Glendale to buy local power

The City Council established earlier this week a new state-mandated program for Glendale Water & Power to purchase locally generated renewable energy.

The council passed an ordinance on Tuesday adopting a so-called feed-in tariff program under which local generators of renewable energy can sign on for 10, 15, or 20 years to sell 100% of the power they generate to the city at rates calculated to equal the cost of obtaining that electricity elsewhere.

Glendale was required by law to establish a tariff program by July 1. The state-wide program was mandated by California State Senate Bill 1122 in 2008 as a means of helping California utilities meet the state's renewable energy requirements.

Utilities throughout California must obtain at least 33% of their energy from renewable sources by 2020.

Under the program, Glendale Water & Power would pay $92.92 per megawatt-hour from 6 a.m. to 10 p.m., Monday through Saturday, and $72.51 per megawatt-hour at all other times and holidays.

The program is capped by law at 4.2 megawatts of energy city-wide, and individual projects are capped at 1.4 megawatts.

Glendale Community College's solar installation generates 260 kilowatts, or one-sixteenth of the 4.2-megawatt cap, according to Senior Assistant City Attorney Christine Godinez.

James Jenal, founder of Pasadena-based solar-panel installation company Run On Sun, was at a recent council meeting to voice his concern that Glendale's proposed rates are too low and aren't economically feasible for smaller solar installations of 50 or 100 kilowatts.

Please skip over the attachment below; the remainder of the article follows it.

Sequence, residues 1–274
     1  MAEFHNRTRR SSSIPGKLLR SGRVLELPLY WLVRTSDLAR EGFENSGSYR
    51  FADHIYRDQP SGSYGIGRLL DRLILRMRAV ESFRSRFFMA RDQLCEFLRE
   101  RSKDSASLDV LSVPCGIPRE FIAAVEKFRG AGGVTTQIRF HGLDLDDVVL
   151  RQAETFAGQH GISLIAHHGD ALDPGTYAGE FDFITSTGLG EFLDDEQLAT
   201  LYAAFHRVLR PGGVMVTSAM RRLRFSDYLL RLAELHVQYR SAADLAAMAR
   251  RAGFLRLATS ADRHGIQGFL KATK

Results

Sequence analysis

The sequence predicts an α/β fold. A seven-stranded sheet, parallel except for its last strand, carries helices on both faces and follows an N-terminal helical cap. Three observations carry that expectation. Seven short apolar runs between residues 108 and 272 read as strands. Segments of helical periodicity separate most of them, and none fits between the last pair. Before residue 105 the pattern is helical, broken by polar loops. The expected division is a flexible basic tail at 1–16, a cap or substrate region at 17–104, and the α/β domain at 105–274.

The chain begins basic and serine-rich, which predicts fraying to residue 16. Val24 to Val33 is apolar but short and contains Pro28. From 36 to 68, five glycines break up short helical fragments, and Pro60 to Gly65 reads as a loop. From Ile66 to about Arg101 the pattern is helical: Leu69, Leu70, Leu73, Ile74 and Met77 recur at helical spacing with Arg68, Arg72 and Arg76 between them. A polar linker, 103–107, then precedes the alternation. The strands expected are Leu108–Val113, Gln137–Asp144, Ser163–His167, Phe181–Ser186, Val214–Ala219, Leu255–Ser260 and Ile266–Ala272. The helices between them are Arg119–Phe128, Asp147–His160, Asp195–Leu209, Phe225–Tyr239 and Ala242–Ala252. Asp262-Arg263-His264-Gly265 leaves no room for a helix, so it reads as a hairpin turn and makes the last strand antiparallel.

"There is no incentive to build small solar under this system," he said. "It does nothing for getting solar throughout the city, on rooftops, where people can see it, and understand that this is a technology that makes sense."

Godinez said the city has to set its rates according to state law and can't raise them just to generate more business.

"We do have some constraint in how we set our rates … because we can't shift the costs to other customers," she said. "It has to be paid at cost."

Glendale's rates, while significantly lower than the $170 to $382 per megawatt-hour paid by the Los Angeles Department of Water and Power, are higher than those paid by Anaheim, at $27.52 to $68.81, or Riverside, at $58.80.

Jerry Buydos, solar program manager for the city of Riverside, said that in the two years the city has had a feed-in tariff program, it has yet to receive an applicant.

"Maybe the market will change and maybe the feed-in tariff will have a resurgence, but there's not many people interested right now," he said.

Buydos said the city had seen great success with its rebate program, which allows customers to use the energy they generate on-site and sell back any excess into the system.

Glendale Water and Power has a similar program, known as net metering.

Godinez said on Monday that the net-metering program would probably be more appropriate for smaller installations than the tariff, which is just one facet of the city's efforts to encourage renewable energy.

"Essentially, the city is looking for any and all types of distributed generation," Godinez said. "It's not only important for meeting the renewables standards, but it's just good practice."


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